Marijuana Business Magazine October 2019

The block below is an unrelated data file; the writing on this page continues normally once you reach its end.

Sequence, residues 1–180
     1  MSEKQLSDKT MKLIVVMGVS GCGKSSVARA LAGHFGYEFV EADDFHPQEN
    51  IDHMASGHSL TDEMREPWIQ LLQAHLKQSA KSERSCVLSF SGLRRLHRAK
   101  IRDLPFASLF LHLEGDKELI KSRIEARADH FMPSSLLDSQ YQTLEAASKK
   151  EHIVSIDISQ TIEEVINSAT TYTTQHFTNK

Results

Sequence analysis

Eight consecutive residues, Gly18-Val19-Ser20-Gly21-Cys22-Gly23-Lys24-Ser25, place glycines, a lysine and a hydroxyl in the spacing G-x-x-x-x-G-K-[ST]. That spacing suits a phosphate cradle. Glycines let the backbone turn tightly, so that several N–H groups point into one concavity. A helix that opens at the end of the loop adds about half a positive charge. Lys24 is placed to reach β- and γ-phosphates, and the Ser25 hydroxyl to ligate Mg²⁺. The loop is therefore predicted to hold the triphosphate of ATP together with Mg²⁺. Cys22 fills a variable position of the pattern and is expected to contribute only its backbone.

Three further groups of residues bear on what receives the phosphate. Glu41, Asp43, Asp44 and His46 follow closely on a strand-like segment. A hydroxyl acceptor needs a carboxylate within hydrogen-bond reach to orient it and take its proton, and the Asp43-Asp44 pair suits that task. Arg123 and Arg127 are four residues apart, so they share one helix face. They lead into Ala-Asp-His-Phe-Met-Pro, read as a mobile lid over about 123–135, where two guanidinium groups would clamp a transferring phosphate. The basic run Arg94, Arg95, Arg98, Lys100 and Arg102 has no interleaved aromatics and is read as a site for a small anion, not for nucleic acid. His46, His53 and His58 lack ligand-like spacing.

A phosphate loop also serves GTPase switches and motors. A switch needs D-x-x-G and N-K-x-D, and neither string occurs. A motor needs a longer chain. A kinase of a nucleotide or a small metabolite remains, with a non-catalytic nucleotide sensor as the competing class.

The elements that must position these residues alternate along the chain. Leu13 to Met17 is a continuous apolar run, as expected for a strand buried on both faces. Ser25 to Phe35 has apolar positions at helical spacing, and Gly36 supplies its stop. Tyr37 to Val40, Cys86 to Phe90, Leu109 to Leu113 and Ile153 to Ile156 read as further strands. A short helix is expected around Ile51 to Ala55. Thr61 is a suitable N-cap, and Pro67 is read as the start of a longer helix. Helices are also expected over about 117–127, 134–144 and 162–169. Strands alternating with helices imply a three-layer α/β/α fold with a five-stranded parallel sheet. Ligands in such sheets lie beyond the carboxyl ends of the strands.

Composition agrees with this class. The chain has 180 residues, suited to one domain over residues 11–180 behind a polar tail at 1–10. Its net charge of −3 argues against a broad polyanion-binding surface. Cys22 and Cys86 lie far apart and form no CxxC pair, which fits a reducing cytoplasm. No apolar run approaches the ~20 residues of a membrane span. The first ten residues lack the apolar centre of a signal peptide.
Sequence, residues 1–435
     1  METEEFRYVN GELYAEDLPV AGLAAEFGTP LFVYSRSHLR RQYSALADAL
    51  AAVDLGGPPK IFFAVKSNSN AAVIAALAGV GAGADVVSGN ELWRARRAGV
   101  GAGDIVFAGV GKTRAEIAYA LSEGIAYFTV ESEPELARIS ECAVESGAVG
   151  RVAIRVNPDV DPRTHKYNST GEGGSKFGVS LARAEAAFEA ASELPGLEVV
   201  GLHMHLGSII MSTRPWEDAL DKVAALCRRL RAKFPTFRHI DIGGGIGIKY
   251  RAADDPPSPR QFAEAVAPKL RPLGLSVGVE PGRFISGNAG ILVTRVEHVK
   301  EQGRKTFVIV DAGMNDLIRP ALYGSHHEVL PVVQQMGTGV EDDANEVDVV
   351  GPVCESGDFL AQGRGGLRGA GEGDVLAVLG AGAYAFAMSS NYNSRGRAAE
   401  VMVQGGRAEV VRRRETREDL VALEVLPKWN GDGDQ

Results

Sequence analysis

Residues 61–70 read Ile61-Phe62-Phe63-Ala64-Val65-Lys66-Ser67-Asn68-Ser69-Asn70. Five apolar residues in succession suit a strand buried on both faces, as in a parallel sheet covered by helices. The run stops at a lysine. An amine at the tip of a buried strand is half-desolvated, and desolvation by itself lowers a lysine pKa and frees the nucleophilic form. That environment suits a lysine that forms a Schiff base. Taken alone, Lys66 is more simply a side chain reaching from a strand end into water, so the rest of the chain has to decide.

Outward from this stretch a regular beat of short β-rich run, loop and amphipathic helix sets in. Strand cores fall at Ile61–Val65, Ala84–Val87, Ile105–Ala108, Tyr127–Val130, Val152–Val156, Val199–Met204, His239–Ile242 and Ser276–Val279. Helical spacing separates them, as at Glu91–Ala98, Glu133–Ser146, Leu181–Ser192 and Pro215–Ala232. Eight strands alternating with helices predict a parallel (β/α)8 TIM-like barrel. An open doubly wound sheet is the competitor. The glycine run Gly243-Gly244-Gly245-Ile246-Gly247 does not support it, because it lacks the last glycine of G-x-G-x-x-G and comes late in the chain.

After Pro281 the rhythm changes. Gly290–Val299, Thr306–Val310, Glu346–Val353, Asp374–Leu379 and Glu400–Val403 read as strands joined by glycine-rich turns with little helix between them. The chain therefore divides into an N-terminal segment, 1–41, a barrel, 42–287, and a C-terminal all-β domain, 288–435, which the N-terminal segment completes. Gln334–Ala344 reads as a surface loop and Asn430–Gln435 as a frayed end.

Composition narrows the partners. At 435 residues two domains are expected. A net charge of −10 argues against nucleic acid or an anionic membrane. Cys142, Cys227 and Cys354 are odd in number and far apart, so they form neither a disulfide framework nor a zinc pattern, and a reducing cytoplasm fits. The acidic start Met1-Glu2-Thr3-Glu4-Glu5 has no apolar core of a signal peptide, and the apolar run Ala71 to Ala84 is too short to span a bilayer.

Marijuana Business Magazine | October 2019 46 In other words, medical marijuana is splitting into two clearly defined markets: • Government-approved medicines for treating disorders such as epilep- sy, post-traumatic stress disorder or cancer treatment-related nausea. • Wellness products designed to help people sleep, ease muscle aches or reduce stress, among other things. Industry executives believe there is money to be made by capitalizing on both sectors. “We believe there’s an enormous market for health and wellness products, especially with folks who are older than people who use cannabis recreationally. We see that in our stores,” said Erich Pearson, CEO of SPARC (San Francisco Patient and Resource Center), a vertically integrated cannabis company in California with a cultivation and processing site in Sonoma Valley and four Northern California retail locations. Wellness vs. Medical Many of the products and uses categorized as medical today—think smoking a certain flower strain to help with sleep or using a cannabis-infused balm to ease muscle pain—could fall under the wellness label. Medical, by comparison, will be more specialized and feature government-approved products with a pharmaceutical look, such as Epidiolex, a CBD-based syrup developed by British company GW Pharmaceuticals to treat certain types of epilepsy. Epidiolex is the first medicine derived from the cannabis plant to be approved by the U.S. Food and Drug Administration (FDA). A handful of other FDA-approved medicines, such as Marinol (also known as dronabinol), used to combat nausea A NewKind of Medical Erich Pearson Courtesy Photo